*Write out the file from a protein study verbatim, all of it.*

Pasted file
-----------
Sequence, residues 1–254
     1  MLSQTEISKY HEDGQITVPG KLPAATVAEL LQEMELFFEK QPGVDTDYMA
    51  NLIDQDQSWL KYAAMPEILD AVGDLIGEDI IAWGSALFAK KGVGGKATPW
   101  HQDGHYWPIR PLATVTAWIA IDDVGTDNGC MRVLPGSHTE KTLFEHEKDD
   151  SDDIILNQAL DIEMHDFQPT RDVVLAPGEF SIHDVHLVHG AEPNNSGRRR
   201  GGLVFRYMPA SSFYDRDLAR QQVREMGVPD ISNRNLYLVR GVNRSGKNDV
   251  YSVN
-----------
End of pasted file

Sequence, residues 1–254
     1  MLSQTEISKY HEDGQITVPG KLPAATVAEL LQEMELFFEK QPGVDTDYMA
    51  NLIDQDQSWL KYAAMPEILD AVGDLIGEDI IAWGSALFAK KGVGGKATPW
   101  HQDGHYWPIR PLATVTAWIA IDDVGTDNGC MRVLPGSHTE KTLFEHEKDD
   151  SDDIILNQAL DIEMHDFQPT RDVVLAPGEF SIHDVHLVHG AEPNNSGRRR
   201  GGLVFRYMPA SSFYDRDLAR QQVREMGVPD ISNRNLYLVR GVNRSGKNDV
   251  YSVN